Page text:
Renewable energy on the horizon

Russian power machines builder Atomenergomash will produce wind turbines from 2012 in a move signaling that green energy has finally come of age in Russia.

­The world wind turbine market is booming – growing over 30% last year.But Russia’s share so far is close to zero.

Russia is the leading producer of traditional, hydrocarbon energy, but Steve Sawyer from the Global Wind Energy Council says the country needs to harness the power of wind and sun, in order to make best use of its oil and gas.

“The one thing you know about your oil and gas assets – their value will increase over time, in terms of a long term strategy selling as much as you can now – is a really bad idea, you need to save and sell when the price will be 200, 300, 500 dollars per barrel . When humanity will come to a notion that oil is too valuable to burn.”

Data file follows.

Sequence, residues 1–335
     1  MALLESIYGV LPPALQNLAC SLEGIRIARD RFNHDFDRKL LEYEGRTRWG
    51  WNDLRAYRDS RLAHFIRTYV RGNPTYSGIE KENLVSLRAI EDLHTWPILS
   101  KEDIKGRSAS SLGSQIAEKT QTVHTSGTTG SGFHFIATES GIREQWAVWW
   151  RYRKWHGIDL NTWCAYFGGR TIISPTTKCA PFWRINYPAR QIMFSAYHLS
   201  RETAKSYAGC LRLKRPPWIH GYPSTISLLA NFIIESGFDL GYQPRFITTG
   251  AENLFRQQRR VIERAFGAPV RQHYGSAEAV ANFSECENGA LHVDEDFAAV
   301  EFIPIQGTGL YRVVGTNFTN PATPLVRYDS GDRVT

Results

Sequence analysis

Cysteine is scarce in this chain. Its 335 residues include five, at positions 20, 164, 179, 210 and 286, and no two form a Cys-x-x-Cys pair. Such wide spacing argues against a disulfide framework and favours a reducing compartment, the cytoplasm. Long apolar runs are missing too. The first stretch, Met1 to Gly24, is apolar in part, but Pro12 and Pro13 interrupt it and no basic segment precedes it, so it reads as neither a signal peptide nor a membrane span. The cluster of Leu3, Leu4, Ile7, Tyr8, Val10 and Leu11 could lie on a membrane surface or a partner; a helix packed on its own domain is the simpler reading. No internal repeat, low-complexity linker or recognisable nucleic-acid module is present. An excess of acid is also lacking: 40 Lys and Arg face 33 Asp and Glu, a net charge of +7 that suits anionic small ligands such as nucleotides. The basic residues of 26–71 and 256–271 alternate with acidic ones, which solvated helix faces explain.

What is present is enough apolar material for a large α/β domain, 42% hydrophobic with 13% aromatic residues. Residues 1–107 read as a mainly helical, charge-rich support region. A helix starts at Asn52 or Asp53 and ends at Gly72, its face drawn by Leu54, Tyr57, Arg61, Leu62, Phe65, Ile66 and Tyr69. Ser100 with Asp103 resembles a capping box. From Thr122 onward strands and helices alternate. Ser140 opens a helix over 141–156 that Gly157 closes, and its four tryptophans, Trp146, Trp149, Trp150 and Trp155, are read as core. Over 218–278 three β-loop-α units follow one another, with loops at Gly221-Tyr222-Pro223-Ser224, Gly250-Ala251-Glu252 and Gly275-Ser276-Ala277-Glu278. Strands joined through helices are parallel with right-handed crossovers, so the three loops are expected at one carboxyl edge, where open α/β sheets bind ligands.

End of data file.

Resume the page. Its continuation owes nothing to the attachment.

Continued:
According to the International Energy Agency nuclear and renewable energy will supply 2/3 of world energy by 2030.Russia’s fuel giants Gazprom, Lukoil, and TNK-BP are all looking at alternative sources. The declared strategy is to boost the share of renewables in the country’s energy balance to 2.5% in 5 years.

But they're having to do it without the state subsidies common in Europe, and Anatoly Kopylov, from the Russian Wind Power Industry Association is calling for a change.

“How much money does the government spend on renewable generation? None! Isn’t it fair? No. We want our portion!”

Green energy producers want the government to guarantee higher prices for electricity derived from renewable sources. They admit that's the only way green energy can be profitable.

Traditional energy benefits from subsidies, too. Perhaps the answer is for each country to develop the form of energy that best suits its need.